Hands on with the new Kindle Fire HD; the user experience remains less than optimal despite improvements; load times and browser remain issues
If a cigarette can be described as a nicotine delivery system, than the new Kindle Fire HD can be described as an Amazon.com delivery system.
Despite the sometimes brilliant product launch demonstration by Amazon CEO Jeff Bezos, which promised the very best tablet, the new Kindle Fire HD is less than impressive when demoed.
For owners of the first generation Kindle Fire the first question has to be whether the new Kindle Fire HD is a major upgrade. That is a tough question to answer because the 8.7″ version has yet to be released.
The new Kindle Fire HD comes with a screen resolution of 800×1280. The first generation model’s screen resolution was 600×1024, a difference just too small for me to notice immediately.
The units on display at retailers come stocked with magazines inside the Amazon Newsstand, but because each of the magazines is a replica edition, the Kindle Fire HD looks like a horrible device for reading your favorite periodicals. This is the fault of the Amazon team which is not showing off its devices in the best light, though one could continue to argue that a 7″ tablet is still a bad device for reading anything but books.
The Kindle Fire HD’s browser appears to continue to be slow to load web pages. And while one could argue that the WiFi to be found at a retail store is going to be less than optimal, the fact remains that even when on data the experience was not good.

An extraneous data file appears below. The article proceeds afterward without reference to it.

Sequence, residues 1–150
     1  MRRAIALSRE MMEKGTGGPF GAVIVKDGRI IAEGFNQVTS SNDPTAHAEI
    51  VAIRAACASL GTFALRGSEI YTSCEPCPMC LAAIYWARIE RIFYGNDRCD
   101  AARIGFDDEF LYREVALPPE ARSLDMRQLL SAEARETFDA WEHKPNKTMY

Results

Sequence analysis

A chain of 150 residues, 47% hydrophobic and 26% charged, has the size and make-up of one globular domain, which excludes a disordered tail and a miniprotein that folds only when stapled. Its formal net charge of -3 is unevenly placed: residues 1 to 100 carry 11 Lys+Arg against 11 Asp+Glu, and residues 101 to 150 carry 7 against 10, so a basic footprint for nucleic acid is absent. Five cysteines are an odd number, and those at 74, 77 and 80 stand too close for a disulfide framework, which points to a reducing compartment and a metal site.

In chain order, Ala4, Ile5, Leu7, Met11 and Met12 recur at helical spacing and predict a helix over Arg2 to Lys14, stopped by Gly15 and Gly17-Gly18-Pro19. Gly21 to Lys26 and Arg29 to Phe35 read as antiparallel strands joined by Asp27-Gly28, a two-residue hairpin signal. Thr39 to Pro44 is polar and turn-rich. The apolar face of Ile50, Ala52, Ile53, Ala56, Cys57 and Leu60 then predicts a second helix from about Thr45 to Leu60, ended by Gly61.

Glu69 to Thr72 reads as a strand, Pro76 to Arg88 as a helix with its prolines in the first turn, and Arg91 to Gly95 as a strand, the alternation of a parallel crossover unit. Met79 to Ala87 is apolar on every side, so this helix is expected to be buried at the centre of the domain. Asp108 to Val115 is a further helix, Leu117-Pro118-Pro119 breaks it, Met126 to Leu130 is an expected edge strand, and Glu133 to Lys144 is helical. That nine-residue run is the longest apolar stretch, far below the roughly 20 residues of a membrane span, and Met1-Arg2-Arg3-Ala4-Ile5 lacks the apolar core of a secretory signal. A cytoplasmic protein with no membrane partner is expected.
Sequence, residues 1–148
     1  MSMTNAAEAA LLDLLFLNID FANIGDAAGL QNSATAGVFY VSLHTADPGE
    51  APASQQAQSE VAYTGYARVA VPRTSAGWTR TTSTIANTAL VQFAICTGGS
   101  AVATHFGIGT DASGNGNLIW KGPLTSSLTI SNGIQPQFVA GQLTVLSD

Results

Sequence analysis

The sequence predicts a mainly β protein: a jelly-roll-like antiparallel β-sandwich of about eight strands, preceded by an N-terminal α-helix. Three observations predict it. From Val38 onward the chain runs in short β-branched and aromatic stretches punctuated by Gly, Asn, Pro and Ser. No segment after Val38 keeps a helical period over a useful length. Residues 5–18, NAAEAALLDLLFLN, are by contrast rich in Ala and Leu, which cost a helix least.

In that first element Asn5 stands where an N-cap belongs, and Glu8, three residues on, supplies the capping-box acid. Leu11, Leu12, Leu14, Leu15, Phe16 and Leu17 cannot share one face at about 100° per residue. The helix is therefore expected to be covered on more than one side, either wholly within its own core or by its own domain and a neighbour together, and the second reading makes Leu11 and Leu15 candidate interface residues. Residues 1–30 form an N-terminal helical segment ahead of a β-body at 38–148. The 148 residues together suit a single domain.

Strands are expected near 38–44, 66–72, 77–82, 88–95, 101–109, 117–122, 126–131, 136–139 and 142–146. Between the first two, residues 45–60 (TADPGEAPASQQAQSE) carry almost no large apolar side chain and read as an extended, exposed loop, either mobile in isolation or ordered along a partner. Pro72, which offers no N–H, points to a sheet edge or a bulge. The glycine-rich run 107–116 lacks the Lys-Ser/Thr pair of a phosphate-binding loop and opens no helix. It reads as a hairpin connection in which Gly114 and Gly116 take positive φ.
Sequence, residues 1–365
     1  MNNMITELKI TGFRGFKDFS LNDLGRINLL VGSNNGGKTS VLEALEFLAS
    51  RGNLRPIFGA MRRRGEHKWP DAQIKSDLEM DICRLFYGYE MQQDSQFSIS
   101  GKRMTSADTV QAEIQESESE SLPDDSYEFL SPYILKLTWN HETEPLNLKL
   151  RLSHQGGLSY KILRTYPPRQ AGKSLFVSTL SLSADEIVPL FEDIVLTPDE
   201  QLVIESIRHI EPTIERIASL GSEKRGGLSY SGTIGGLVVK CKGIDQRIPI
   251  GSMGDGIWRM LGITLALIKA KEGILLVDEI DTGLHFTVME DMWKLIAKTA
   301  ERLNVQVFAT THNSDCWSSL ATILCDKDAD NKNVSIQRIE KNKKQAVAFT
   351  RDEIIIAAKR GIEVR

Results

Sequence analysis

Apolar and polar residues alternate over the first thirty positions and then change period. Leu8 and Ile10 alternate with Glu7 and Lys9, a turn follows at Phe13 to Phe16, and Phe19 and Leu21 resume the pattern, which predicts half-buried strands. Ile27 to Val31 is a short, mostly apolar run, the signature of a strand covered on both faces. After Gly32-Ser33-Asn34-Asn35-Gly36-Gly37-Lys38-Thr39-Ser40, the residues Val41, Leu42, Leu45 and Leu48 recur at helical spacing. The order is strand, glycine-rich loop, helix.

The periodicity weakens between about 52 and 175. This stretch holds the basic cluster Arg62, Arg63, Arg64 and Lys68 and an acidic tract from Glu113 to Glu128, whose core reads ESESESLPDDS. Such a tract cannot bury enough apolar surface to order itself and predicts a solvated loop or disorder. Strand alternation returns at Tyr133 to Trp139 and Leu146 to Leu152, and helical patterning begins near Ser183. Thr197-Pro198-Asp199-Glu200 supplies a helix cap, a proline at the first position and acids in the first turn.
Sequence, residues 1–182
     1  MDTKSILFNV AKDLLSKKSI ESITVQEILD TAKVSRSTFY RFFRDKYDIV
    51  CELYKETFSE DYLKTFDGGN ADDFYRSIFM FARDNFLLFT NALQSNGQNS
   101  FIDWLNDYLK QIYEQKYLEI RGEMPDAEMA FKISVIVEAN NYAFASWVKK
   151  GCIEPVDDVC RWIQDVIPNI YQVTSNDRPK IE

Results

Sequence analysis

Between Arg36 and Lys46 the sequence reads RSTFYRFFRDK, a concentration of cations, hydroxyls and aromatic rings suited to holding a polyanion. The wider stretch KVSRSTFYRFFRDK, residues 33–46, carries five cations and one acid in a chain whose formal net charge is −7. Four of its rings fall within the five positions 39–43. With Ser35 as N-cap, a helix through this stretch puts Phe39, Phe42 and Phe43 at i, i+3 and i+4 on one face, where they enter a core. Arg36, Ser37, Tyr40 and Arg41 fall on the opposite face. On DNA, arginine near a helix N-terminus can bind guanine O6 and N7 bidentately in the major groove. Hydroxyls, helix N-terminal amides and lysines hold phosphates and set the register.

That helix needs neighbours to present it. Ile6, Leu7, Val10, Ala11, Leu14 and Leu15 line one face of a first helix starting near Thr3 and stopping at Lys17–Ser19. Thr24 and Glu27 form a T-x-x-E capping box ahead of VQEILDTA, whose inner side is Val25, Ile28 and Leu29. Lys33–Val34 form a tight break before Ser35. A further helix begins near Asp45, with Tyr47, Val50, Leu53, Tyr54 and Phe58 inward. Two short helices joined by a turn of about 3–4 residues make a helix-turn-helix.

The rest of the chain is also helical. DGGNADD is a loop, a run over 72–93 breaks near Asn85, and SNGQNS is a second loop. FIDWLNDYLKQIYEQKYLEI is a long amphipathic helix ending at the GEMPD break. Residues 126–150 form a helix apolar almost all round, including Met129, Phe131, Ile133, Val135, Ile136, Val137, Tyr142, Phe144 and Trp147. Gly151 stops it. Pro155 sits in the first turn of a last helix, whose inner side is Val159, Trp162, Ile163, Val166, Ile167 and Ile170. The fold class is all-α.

My own demo, though, pointed out something that web designers need to keep in mind: the Kindle Fire will not act like your typical mobile device. While the tablet is driven off a customized version of Android, many websites will not recognize the device and display a mobile website. For me, this is fine – but other Android tablets will display the mobile website of TNM.
Best Buy promoted the Kindle Fire HD in its weekend circulars, and my own local store had plenty in stock and was promoting them with its own display. But in a nearly empty, I found it interesting that while I was demoing the new Kindle Fire HD two customers completed purchases of two new iPads.
Meanwhile, the other product being heavily promoted was the iPhone 5 as the retailer was pushing pre-orders.
The new Kindle Fire HD seems like it might be a good solution for those buyers who are attracted to the $199 price tag. If you are a Kindle owner who wants the combine the eReader features of their existing Kindle with tablet features, the Kindle Fire HD might be a good choice. Hard core eBook readers though would probably prefer a dedicated device like the Kindle Paperwhite.